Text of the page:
WASHINGTON — The Trump administration tried to include a question about citizenship in the 2020 census that would benefit Republicans, despite initial concerns within the administration that it wasn’t legal, according to a new trove of documents released by Congress on Wednesday.
“The Committee’s investigation has exposed how a group of political appointees sought to use the census to advance an ideological agenda and potentially exclude non-citizens from the apportionment count,” the report released by the House Committee on Oversight and Reform said.
Trump’s then-Commerce Secretary Wilbur Ross had argued that adding a question on citizenship and immigration status to the constitutionally required population count would help the Department of Justice enforce the Voting Rights Act.
But opponents argued at the time that all it would do was scare off undocumented immigrants and their relatives, leading to a significant undercount of America’s non-white population. Advocates argued that that would lead to an over-representation of white people when states drew up new congressional districts based on the 2020 count.
The Supreme Court ultimately rejected the citizenship question. While the court did not go as far as advocates asserting Trump was trying to bolster white power, Chief Justice John Roberts wrote that the voting rights rationale “seems to have been contrived.”
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The Trump administration had refused to turn over numerous documents during the legal battles over the citizenship question and subsequent investigation by the House Oversight Committee, citing executive privilege. Ross and Attorney General Bill Barr were both held in contempt of Congress for refusing to turn over the papers.
Officials in the Biden administration cut a deal with the Oversight Committee to turn over the information released Wednesday.
“For years, the Trump Administration delayed and obstructed the Oversight Committee’s investigation into the true reason for adding a citizenship question to the 2020 Census, even after the Supreme Court ruled the Administration’s efforts were illegal,” said committee Chairwoman Rep. Carolyn Maloney (D-N.Y.) in releasing a memo on the new information.
“Today’s Committee memo pulls back the curtain on this shameful conduct and shows clearly how the Trump administration secretly tried to manipulate the census for political gain while lying to the public and Congress about their goals,” she said.
A key document in the trove is a memo written by former Commerce Department lawyer James Uthmeier that sought to justify the citizenship question. In early versions of the memo, Uthmeier warned the effort would not pass muster with the Constitution.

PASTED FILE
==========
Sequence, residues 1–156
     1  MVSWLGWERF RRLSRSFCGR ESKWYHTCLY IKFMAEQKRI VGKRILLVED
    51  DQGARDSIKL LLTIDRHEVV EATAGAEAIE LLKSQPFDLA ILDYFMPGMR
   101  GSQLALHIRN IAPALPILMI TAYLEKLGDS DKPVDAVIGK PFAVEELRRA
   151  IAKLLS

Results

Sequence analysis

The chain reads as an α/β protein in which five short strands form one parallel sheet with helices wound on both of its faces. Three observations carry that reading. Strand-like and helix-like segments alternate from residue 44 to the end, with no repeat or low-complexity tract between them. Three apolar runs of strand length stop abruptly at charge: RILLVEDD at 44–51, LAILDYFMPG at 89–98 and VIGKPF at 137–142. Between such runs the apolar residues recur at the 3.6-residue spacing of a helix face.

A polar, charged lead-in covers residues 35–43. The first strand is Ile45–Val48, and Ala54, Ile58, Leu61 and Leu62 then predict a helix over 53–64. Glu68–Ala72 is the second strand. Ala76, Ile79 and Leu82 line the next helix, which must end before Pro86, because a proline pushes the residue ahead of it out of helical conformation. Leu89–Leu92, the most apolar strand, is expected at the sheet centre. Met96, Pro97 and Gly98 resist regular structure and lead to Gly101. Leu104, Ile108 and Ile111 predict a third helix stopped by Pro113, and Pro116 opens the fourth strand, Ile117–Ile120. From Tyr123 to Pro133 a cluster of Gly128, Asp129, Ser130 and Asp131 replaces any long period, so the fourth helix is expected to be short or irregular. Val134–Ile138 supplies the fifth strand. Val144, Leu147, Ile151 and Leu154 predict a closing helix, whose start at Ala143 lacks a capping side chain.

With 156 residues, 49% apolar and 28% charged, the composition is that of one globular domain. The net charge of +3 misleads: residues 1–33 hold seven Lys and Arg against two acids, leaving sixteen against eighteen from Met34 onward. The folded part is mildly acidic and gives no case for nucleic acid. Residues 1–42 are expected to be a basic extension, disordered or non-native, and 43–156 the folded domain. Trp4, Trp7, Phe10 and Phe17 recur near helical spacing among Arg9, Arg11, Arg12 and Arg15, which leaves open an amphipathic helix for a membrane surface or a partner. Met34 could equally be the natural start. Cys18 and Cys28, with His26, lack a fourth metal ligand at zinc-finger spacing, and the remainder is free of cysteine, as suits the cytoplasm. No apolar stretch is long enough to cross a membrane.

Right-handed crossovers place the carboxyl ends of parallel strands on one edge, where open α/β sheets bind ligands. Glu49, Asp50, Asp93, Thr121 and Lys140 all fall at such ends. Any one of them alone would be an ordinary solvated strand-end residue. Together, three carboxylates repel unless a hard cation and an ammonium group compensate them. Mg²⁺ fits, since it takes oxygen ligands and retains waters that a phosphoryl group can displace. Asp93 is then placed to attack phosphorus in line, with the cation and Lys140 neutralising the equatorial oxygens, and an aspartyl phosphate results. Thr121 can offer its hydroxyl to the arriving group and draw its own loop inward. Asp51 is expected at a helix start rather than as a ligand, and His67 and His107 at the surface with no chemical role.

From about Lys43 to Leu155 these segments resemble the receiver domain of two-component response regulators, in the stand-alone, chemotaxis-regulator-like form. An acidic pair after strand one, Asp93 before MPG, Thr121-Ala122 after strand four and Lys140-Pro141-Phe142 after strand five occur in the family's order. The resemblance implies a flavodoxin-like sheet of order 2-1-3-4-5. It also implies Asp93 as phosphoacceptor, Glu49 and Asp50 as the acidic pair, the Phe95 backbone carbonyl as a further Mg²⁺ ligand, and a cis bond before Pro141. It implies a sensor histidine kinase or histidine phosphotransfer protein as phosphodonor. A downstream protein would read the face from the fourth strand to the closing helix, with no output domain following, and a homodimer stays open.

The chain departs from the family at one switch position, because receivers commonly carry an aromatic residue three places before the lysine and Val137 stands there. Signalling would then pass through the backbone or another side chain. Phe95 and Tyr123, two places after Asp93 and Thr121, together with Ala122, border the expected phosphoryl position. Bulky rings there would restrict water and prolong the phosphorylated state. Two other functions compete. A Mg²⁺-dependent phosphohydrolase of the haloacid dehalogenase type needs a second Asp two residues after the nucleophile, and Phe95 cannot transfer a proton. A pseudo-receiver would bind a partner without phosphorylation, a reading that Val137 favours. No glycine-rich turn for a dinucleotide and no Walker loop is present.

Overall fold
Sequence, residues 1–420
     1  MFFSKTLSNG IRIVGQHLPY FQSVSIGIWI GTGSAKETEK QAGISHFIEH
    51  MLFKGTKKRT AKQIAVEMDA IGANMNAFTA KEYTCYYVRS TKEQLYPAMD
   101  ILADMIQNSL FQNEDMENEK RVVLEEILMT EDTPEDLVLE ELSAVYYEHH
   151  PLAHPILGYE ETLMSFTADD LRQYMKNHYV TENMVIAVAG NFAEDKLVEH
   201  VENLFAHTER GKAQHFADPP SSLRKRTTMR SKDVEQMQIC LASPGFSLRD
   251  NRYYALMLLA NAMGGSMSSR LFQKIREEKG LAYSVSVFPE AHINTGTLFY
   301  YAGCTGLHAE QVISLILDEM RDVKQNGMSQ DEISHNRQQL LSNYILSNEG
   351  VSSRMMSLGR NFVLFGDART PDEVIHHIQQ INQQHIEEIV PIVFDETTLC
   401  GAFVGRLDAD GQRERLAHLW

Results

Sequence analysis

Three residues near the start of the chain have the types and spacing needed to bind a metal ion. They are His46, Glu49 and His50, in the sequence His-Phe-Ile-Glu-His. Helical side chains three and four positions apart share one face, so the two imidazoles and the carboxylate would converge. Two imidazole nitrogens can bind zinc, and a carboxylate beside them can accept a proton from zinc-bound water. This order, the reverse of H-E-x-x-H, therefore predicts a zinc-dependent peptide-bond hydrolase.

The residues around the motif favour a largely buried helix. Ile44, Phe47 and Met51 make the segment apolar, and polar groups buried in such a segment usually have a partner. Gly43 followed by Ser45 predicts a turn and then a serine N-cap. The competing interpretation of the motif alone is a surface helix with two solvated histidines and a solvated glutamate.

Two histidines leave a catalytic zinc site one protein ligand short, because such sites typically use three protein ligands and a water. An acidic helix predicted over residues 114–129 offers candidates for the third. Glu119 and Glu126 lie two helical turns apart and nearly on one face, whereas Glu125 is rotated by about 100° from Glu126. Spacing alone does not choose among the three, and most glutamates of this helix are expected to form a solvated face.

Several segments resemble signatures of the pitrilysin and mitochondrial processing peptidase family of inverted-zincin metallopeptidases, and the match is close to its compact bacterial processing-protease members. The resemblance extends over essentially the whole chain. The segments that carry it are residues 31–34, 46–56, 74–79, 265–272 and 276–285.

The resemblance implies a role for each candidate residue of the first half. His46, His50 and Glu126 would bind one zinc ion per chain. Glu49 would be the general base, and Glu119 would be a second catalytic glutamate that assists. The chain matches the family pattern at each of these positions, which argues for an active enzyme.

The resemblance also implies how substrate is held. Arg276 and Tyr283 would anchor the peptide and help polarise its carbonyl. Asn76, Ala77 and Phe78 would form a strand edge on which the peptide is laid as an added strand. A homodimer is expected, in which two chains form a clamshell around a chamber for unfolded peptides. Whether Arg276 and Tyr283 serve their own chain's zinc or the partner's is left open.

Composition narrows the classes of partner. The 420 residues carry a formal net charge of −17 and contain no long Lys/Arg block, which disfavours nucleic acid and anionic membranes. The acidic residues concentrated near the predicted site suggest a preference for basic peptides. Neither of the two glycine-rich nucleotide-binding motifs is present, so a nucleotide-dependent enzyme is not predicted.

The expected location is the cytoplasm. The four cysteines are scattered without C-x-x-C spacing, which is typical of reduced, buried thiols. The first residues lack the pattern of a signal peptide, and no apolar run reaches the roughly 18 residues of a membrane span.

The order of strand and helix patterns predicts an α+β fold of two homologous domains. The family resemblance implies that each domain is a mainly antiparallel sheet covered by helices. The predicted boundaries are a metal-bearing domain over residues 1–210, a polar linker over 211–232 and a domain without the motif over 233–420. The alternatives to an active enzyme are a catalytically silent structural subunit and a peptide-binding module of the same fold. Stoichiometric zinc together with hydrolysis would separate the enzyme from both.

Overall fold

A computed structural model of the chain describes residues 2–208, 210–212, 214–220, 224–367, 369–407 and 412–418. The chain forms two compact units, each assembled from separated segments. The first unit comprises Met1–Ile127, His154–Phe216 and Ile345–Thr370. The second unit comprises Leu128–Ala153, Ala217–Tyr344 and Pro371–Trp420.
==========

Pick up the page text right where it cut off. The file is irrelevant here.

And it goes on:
“Over two hundred years of precedent, along with substantially convincing historical and textual arguments, suggest that citizenship data likely cannot be used for purposes of apportioning representatives,” the draft said.
The 14th Amendment explicitly orders the counting over every person, including those that cannot vote.
Current champions of the idea include John Eastman, the right-wing lawyer at the center of Trump’s attempt to overturn the 2020 election.
The warning that the scheme would likely be unconstitutional, as well as other signs about problems with the idea, was removed in later versions of the memo, and substituted with language that suggested the commerce secretary had discretion in such matters.
Uthmeier later admitted in an email to a colleague that he may have been “sugar coating the analysis.”
The new documents also prove that Ross lied when he told Congress repeatedly that it was the Justice Department that sought the citizenship question to enforce the Voting Rights Act. Among the papers was a hand-written note by Uthmeier that accompanied a copy of his white-washed memo that he delivered to the Justice Department in 2017. It points the DOJ toward invoking voting rights as a justification, saying Ross “thinks DOJ would have a legitimate use of data for VRA purposes.”
In releasing the new information, Maloney said Congress should pass her proposed law to bar the Census Bureau from adding any questions that are not rigorously and scientifically vetted first. The Census Bureau generally does that as a matter of practice already, but Maloney’s bill would ensure compliance.